Wendy and Peter Pan, theatre review: 'Warm, irreverent humour surges through this saga of empowerment'
Royal Shakespeare Theatre, Stratford-upon-Avon
Monday 23 December 2013
As the title indicates, Peter Pan, the “Boy Who Would Not Grow Up” cedes centre stage to Wendy, the girl who had to, in Ella Hickson's entrancing feminist reboot of the J M Barrie classic. She's not the first writer to put this slant on the proceedings, but she does so in a way that manages to tap, hauntingly, into some of the psychological sources of the original play and novel.
The roots of these go back to the death of Barrie's elder brother, David, just before his fourteenth birthday. That trauma led to the author's imaginative obsession with the idea of permanent youth and its privileges and privations. In the new adaptation, there's a fourth Darling child, Tom, who dies near the start of the show. It's an astutely conceived tragic twist that places an extra burden of responsibility on Wendy, superbly played by Fiona Button as a bright, sensitive and plucky girl, confined to the role of “damsel in distress” in her brothers' battle games and to peacemaker within the grief-scarred home. Intrigued by Peter's talk of “lost boys”, she flies off to Neverland in quest of Tom and the means thereby of healing the family.
When I report that Wendy's adventures are counterpointed by Mrs Darling's experimental emergence from the marital “Doll's House” into the Suffragette Movement, you may wonder if the RSC's Christmas show is more politically correct tract than treat. There's no need to worry, though. Jonathan Munby's spectacular thrust-stage production creates a Neverland that's a magical distortion of the Darling nursery and warm, irreverent humour surges through this saga of empowerment.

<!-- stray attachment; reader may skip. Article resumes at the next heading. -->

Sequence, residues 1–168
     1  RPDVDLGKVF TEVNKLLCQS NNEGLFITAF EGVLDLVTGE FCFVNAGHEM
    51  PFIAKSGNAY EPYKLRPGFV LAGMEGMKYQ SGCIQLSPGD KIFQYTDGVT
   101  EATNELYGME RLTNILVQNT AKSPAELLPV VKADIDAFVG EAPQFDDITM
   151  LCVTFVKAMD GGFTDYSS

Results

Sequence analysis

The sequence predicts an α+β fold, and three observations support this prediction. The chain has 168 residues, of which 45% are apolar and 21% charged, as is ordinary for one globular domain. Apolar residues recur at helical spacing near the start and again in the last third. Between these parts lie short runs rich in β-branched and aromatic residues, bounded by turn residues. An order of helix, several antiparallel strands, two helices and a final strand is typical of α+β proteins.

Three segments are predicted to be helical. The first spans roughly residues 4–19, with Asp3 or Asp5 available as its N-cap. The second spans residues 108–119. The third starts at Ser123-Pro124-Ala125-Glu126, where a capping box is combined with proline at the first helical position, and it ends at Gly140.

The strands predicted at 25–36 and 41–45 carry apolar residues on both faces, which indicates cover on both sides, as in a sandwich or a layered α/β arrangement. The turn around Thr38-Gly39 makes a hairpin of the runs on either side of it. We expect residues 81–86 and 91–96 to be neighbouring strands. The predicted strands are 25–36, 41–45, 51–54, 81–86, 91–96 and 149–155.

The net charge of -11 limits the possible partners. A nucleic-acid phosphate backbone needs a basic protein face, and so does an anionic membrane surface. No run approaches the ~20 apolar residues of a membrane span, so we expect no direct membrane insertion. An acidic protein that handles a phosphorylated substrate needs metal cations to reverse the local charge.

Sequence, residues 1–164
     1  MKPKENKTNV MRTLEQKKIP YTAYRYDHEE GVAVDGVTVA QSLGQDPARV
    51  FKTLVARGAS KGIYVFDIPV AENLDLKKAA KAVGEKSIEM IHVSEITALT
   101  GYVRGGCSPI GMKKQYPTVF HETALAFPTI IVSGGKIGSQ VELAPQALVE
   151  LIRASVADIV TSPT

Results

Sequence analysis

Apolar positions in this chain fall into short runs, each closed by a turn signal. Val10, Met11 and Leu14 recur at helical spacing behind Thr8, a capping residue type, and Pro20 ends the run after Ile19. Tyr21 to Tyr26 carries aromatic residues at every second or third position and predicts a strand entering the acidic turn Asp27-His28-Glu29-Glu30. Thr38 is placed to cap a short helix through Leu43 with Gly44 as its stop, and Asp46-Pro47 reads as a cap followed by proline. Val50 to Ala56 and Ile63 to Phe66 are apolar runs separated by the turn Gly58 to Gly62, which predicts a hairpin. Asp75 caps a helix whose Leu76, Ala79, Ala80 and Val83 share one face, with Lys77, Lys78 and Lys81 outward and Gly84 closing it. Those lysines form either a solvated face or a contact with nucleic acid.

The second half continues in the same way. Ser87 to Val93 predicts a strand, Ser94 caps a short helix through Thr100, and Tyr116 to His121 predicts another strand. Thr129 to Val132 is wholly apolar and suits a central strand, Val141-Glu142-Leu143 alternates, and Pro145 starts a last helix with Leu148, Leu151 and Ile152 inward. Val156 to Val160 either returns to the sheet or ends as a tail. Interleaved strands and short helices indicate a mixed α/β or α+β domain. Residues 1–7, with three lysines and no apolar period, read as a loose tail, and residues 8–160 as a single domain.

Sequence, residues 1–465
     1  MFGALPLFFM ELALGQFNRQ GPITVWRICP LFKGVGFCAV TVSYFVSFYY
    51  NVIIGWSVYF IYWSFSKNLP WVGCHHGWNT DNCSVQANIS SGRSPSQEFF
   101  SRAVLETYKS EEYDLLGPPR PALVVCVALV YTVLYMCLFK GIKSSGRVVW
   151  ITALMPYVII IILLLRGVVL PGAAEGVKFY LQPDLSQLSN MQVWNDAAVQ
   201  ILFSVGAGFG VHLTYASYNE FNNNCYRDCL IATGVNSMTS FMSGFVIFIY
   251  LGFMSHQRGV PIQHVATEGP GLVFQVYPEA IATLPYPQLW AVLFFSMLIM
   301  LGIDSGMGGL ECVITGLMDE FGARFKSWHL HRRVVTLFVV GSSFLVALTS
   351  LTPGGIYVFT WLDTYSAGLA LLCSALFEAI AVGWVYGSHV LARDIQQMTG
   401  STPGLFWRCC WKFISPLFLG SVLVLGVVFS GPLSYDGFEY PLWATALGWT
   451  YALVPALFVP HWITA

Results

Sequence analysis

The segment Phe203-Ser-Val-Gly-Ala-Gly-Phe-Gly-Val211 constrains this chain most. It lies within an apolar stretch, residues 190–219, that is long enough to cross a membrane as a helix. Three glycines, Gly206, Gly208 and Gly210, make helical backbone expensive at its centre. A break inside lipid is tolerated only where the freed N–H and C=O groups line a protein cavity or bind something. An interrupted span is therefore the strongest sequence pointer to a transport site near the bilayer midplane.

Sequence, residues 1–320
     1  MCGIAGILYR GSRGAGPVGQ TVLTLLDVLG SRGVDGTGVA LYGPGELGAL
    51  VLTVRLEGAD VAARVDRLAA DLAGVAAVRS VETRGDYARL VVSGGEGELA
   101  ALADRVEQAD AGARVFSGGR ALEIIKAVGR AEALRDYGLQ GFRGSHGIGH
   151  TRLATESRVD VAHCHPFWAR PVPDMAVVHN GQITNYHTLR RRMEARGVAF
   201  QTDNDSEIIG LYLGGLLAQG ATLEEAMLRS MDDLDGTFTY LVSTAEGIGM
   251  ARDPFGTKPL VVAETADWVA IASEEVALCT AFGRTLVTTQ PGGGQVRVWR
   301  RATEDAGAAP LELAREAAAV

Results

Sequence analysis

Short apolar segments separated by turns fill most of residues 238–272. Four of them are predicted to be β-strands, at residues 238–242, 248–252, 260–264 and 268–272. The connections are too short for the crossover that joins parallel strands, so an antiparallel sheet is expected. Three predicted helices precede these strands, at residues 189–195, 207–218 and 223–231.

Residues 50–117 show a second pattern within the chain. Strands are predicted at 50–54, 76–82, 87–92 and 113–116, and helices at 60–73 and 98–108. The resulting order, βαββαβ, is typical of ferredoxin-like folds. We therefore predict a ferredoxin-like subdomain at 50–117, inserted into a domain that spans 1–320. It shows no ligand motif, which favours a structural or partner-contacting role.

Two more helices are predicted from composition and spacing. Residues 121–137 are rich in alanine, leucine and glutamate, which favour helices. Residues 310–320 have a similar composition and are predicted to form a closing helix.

Surmounting the stereotype of mutually jealous females, Tinkerbell (a beefy Cockney bovver-girl in Charlotte Mills's very funny performance) and Michelle Asante's tough, bad-ass Tiger Lily eventually join in sisterly solidarity with Wendy and head off “to kick some pirate bum”. But Guy Henry's Captain Hook, a devious melancholic tormented by Peter's immortality, is as much inclined to play twisted mental games with his adversaries as spar with them by swashbuckling. He tries to suborn Wendy by dressing her up in the finery of a princess (presumably plundered from a previous victim rather a token of secret transvestism) and he subjects Peter to a frightening vision of the future in which he is trapped by marriage and fatherhood.
Sam Swann's Peter has right the allure and elusiveness as the eternal boy who is here borne aloft by a gang of punky look-alike “shadows”. This bunch, who also do duty as harnessing-assistants, got on my nerves a bit, but the flying itself, on deliberately visible wires, makes your stomach lurch with delight. Fiona Button is heartbreaking in her stoical disappointment at Peter's obdurate refusal to grow up (which here feels like an image, pushed to the extreme, of male-female relations in general) and in her gulping realisation that Tom will remain in Neverland forever. But her climactic leap into the air, for the first time unaided by fairy dust, comes over as a glorious gesture of courage and imagination. Highly recommended.
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